School massacre scare backfires on Australian state government

By Erika Zimmer
2 May 2001

The New South Wales state Labor government has been caught out feeding false information to the media, alleging a plot by a 15-year-old student to carry out a Columbine High School-style massacre at his school in Sydney's western suburbs.

Evidence has to come to light implicating both Premier Bob Carr and Education Minister John Aquilina in sensationalising the incident and then attempting to orchestrate an official cover up of their role. Outraged parents, teachers and students have condemned Aquilina's actions and the boy's family has threatened to sue the government. After initially giving full-blown coverage to the government's accusations, the mass media has turned on Aquilina, demanding his resignation.

The affair began on the morning of April 10, when Carr's and Aquilina's media officials alerted newspapers and other news outlets that Aquilina would make a major announcement in the NSW parliament that afternoon. TV stations were advised to prepare footage of the Columbine massacre. Around 2.30 pm, Aquilina rose to deliver a ministerial statement.

Aquilina alleged that he had received details that morning of a student's diary that contained “graphic passages describing a massacre list, descriptions of suicide and plans to kill other students during a school assembly”. In the student's own words, Aquilina claimed, the boy planned “a replica of the Colorado High School massacre”. According to the minister, the diary included a “hit list” of teachers and students and described the school hall and other buildings.

Aquilina theatrically reminded the parliament of the “horrific incident at Columbine High School in the United States of America on April 20 1999, almost two years ago, when Eric Harris and Dylan Klebold shot and killed 12 students and a teacher”. He congratulated the school's principal for acting promptly to prevent a similar outrage.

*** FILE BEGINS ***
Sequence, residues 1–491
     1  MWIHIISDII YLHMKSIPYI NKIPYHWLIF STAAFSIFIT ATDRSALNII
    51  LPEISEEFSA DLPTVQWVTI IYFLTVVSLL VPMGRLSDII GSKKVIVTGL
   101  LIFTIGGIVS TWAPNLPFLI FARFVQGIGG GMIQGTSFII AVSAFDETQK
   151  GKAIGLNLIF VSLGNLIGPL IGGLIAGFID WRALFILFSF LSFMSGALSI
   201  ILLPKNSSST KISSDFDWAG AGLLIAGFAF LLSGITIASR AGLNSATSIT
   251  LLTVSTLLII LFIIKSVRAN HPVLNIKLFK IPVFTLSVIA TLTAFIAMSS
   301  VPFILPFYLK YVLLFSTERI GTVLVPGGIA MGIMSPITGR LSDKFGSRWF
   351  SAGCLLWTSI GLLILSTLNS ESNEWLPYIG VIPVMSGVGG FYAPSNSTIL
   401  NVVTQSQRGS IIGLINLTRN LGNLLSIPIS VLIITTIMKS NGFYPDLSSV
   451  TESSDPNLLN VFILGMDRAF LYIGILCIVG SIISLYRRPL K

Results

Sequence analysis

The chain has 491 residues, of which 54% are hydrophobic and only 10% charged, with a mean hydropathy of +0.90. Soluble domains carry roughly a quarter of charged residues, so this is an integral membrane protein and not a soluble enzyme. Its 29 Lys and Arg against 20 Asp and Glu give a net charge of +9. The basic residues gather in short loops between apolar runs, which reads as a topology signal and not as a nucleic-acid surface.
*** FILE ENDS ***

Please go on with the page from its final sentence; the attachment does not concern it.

By referring to the American tragedy, Aquilina depicted the Sydney student in the most sinister possible light. The two Columbine students, admirers of Adolf Hitler, chose Hitler's birthday to execute a long-planned act of carnage. Armed with assault rifles and dozens of pipe bombs, they went on a bloody rampage in their school, killing 12 students, one teacher and, finally, themselves. They planned to blow up the entire school with a propane bomb, but the device failed to explode.

Predictably, Aquilina's statement provoked a media frenzy. While Aquilina did not name the school, 5pm television news programs flashed aerial shots of Cecil Hills High in Sydney's west. Precisely as the government intended, images of the school were juxtaposed with flashbacks to the Columbine massacre.

The Murdoch tabloid, the Daily Telegraph published a front-page lead the following day, reporting that a gun had been found at the student's home, licensed to his father and that the boy had been expelled from school. The Telegraph further fuelled public anxiety the next day, reporting that worried parents were removing their children from the school.

Journalists later revealed that Aquilina's press secretary Patrick Low and Carr's communications director Walt Secord had supplied the story about a gun and had also stated that Aquilina's information had come from the police.

Interviewed on radio 2UE on April 11, Aquilina further embellished his story. He falsely declared that he had been advised that the boy had intended to carry through his alleged plot. Aquilina was asked: “Isn't it possible though that after extensive treatment, interviewing of this young man by psychologists and the like, that they may come to the conclusion that, sure, he may be disturbed ... [but] there was no way he was going to carry this out?” Aquilina replied: “Can I just say that the advice is otherwise.”

Aquilina also told the media the boy had been removed from the school, when in reality, the principal had quietly dealt with the matter after three Year 10 students handed in the boy's diary. The principal interviewed the boy, spoke to the family, arranged for counselling and told police no further action was required.

Aquilina's account began to unravel when opposition erupted from teachers, parents' organisations and the boy's family. Teachers at the school met and condemned Aquilina for encouraging a “media beat-up”. Federation of Parents and Citizens Association president Bev Baker accused the government of “manufacturing a crisis” and described its conduct as “an abuse of power”. The boy's father told the media he had never had a gun and had never applied for a licence. The school's principal stated that no gun existed.

Police officials said they had no record of being contacted by the school about the boy's diary and denied making any suggestion that a weapon was involved. Police commanders retracted these comments the following day, prompting media and Opposition allegations that the Premier's Office had forced the police service to make a retraction.